I've heard Colt now makes SAAs with removable bushings and acceptable trigger actions making the 3rd gen much less of the crap shoot it once was, rumor has it the MIM part count is reduced in their 1911s, new S&Ws have disturbingly nice triggers I've read reports that Dennis of Yonkers has gratified sufficient numbers of people recently that several have made note of same on internet fora and I found a dealer that would rather take a molten lead enema than use the words "limp wrist" or "break in" and understands what a weapon is supposed to do.

As Fuff and Tuner have noted, the manufacturers only ship meadow muffins because we tolerate it. Perhaps we're starting to not tolerate it any more - I had my Howard Beale moment a couple of years ago and things are much improved. Everybody else's milage may, of course, vary.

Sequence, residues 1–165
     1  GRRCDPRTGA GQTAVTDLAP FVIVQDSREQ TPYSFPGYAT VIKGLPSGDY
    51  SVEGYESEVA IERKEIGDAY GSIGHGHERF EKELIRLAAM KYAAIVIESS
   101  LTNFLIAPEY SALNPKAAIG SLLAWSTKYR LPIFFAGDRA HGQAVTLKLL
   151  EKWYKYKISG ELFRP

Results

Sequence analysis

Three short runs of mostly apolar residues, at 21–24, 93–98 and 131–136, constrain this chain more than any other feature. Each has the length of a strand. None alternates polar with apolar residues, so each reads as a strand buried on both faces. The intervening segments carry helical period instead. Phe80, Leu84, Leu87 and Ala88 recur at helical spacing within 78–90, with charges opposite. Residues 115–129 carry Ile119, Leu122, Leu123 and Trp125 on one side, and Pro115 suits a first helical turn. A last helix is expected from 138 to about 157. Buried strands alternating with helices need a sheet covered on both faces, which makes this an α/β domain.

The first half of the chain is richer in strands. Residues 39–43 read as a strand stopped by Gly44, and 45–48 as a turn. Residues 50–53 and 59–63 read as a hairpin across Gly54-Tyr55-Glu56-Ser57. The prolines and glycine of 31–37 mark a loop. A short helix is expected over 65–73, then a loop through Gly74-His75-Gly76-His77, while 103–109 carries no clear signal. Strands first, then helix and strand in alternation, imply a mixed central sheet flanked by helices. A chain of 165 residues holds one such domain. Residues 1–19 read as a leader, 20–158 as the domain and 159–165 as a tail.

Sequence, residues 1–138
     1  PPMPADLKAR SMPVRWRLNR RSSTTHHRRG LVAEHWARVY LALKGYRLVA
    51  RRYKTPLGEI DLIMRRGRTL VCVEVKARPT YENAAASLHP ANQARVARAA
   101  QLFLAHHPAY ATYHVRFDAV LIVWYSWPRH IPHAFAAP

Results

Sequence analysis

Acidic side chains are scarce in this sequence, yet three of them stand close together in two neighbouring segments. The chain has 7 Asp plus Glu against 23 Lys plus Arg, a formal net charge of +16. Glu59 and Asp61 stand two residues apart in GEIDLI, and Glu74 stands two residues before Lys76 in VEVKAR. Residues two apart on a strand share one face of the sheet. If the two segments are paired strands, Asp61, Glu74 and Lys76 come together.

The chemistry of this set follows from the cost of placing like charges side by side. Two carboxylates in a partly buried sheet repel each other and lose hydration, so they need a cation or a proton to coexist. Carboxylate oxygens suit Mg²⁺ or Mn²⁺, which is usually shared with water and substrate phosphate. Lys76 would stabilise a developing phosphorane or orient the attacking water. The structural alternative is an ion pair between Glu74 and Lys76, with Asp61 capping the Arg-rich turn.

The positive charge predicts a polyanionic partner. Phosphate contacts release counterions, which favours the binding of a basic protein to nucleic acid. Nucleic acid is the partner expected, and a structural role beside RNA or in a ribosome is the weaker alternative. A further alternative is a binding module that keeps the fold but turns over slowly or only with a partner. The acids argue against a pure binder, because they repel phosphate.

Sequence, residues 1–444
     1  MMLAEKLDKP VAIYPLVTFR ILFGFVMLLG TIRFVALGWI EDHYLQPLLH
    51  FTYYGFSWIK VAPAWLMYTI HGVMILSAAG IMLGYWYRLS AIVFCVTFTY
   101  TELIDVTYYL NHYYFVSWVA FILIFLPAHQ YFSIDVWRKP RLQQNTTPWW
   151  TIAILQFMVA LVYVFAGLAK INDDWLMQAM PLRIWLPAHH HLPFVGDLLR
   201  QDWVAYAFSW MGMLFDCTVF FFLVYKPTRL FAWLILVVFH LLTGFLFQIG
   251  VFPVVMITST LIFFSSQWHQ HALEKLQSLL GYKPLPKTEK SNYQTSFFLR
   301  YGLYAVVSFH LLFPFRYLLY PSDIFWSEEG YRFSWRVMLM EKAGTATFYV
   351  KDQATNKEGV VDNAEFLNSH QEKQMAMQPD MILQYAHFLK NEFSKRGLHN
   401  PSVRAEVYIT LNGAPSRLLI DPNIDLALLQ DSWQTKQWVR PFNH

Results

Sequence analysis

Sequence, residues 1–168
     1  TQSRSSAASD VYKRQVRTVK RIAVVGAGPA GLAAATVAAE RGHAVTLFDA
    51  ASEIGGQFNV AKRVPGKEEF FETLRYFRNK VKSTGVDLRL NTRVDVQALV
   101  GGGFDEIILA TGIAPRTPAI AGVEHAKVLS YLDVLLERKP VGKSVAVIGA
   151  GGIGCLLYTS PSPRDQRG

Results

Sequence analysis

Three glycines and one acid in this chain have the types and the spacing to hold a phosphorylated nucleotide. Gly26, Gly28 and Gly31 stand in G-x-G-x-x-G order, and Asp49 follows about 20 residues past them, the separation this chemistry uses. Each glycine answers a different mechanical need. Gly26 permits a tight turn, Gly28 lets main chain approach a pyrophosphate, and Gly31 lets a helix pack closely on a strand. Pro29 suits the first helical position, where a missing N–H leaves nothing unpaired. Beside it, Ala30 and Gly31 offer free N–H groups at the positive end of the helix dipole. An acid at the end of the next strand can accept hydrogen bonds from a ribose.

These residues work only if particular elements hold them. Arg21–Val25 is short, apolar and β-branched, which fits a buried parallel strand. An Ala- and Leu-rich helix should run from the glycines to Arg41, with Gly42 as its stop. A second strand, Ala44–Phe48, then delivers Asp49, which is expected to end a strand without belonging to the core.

The only proper response to being told you need to buy Wilson 47Ds to make your new gun run:
http://www.wfmu.org/Playlists/Ken/gfx/howard_beale.jpg

dfariswheel
March 20, 2008, 12:07 AM
Interesingly it came with an extra recoil spring

Note that Colt used to send TWO recoil springs with the Gold Cup. The loose spring was for light target ammo, and the spring that was in the gun was for full power ammo.

MAKE SURE WHAT YOU HAVE BEFORE INSTALLING THE OTHER SPRING.
Shooting the gun with full power ammo and a light weight spring can damage the gun.

Airjunki
November 26, 2009, 12:40 AM
The older ones may have been made to original U.S. Government blueprints and material specifications but they were also baby rattles back then weren't they?

gc70
November 26, 2009, 01:37 AM
but they were also baby rattles back then weren't they?

Nope. The original 1911s were made to tolerances to ensure reliability. What you refer to is the observed result of wear from use during a service life of half a century.

mm6mm6
November 26, 2009, 09:50 AM
http://www.gunblast.com/TALO-Colts.htm

Check out the above review and excellent photos, including groups sizes and make your decision based on a professional's actually handling and firing of new Colt 1911's.

If you enjoyed reading about "Are the current Colt 1911 .45 models any good?" here in TheHighRoad.org archive, you'll LOVE our community. Come join TheHighRoad.org today for the full version!